What it’s like to dine out and travel these days
At first, it might have felt a little strange going out to somewhere other than the grocery store. But each time it got a little bit easier. It felt great to be out after so long, but you couldn’t help but notice that things weren’t quite what you remembered. While rules vary by state and even county, there are very few places right now where you can sit in a full-to-capacity restaurant or bar. As for those plans you had to send the kids to summer camp, that may or may not be still happening depending on where you live. But it is, undeniably, summertime. That means a lot of things that couldn’t be comfortably done outside when safer at home orders went into effect can be now. To take advantage of that, many restaurants with limited indoor seating capacity are adding outside seating. It’s part of a new al fresco normal.
Restaurants & Bars
Al fresco dining has launched in several big cities and become extremely popular. In New York City, some places even started allowing customers to sit at tables outside before it was legal because they were so desperate for income. Most places made efforts to follow social distancing guidelines and require customers to wear masks when interacting with staff. Indoors, restaurants have used plastic dividers to separate guests from staff and spaced out tables to keep diners apart from each other. In most jurisdictions, bars that don’t serve food have still been ordered to remain closed, leading to the return of underground speakeasies.
Travel has gone al fresco too. Most destinations are reopening regionally as they try to balance restarting economies with avoiding the risk of having visitors from all over the world bring different strains of coronavirus in. That’s led to a big trend toward domestic travel, with national parks being overwhelmed by crowds then shifting to permit systems to limit the number of daily visitors. Driving vacations within a few hours of home have become popular with those looking for a change of pace but not ready to get on an airplane just yet. This has revived the great American road trip, and there are even plenty of options for renting an RV and seeing the country that way. Glamping options such as Under Canvas and American Safari Camp upgrade the camping experience with semi-permanent tent setups that can include bathrooms and pull-chain showers. They’re an easy way to naturally distance and get some fresh air.
There are a few international destinations welcoming American travelers. The Caribbean is in our region, and islands that were still recovering from the 2017 hurricane season had to shut down tourism because of COVID-19. Most avoided being too hard-hit—though the Dominican Republic has recorded more than 500 deaths—but are cautious about exposing their people to too much risk. St. Lucia and Antigua reopened to visitors in early June but with the caveat that arriving passengers must show proof of a negative COVID-19 test with results coming within 48 hours of boarding a flight to the islands. Jamaica reopened in mid-June with a tourism corridor keeping visitors within a zone along the island’s resort-laden north shore. The US Virgin Islands are open, with restaurants at 50% capacity and gatherings limited to 10 people.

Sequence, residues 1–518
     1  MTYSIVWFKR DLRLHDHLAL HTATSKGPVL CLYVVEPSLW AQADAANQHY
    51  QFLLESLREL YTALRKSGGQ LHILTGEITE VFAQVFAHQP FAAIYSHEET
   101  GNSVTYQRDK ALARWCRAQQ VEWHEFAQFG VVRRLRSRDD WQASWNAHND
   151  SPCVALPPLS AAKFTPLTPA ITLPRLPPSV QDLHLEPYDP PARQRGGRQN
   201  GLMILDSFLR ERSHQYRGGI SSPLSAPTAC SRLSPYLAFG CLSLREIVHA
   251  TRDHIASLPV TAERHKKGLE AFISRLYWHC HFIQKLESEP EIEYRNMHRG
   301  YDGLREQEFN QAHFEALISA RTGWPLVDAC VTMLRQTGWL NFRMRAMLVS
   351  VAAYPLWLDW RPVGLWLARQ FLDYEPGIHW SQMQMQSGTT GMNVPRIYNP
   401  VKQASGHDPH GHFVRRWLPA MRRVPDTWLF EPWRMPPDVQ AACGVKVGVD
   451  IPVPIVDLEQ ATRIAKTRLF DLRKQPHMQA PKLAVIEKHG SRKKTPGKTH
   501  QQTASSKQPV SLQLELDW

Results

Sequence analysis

Other islands plan to welcome tourists this month, including the Bahamas, Turks & Caicos, and Aruba. Some places are playing it more cautious. The Cayman Islands have already announced they won’t reopen before Sept. 1. Outside of the Caribbean, there are a few countries accepting Americans. Cambodia put the US on a short list of places it will allow visitors from. The Maldives will reopen to international visitors on July 15. Tanzania is welcoming international flights, though it has not released any COVID-19 statistics, so it’s a risky proposition. It’s hardly the same as being able to fly almost anywhere at the drop of a hat, but at least you can get some al fresco beach time in this summer.
Getting There & Staying
Once you get to your destination, it can be pretty easy to avoid crowds, but if you’re going coast-to-coast or internationally, that means getting on a plane. From going through security to boarding to in-flight drink service, things have changed. Many airlines officially require masks on board at all time. After it seemed they weren’t really enforcing the rules, they reversed course and became stricter. Middle seats are blocked off on some airlines to force some social distancing. With demand way down, there also just aren’t that many flights, so make sure to arrive at the airport in plenty of time. If you miss your flight, there might not be another till the next day or worse. Destinations you used to be able to fly nonstop to now require a layover.
Once you land, you may be subjected to additional screening, and be required to wear a mask in whatever mode of transportation you’re taking to a hotel or resort. Once there, you might see hand sanitizer stations setups and signs reminding to you wear a mask—though here too the rule may or may not be enforced. Expect limited dining hours, even for room service, and limited menus. If you want a spot at the pool, your best bet is to arrive early because seating might be limited. Your room might also be missing the minibar, and breakfast buffets might be suspended. Al fresco dining will be encouraged here as well, and indoor tables spaced out.
Instead, cleanliness is the new luxury, with hotel chains appointing hygiene officers, deploying electrostatic treatments, and placing seals on doors to confirm no one has been in your room since it was last cleaned.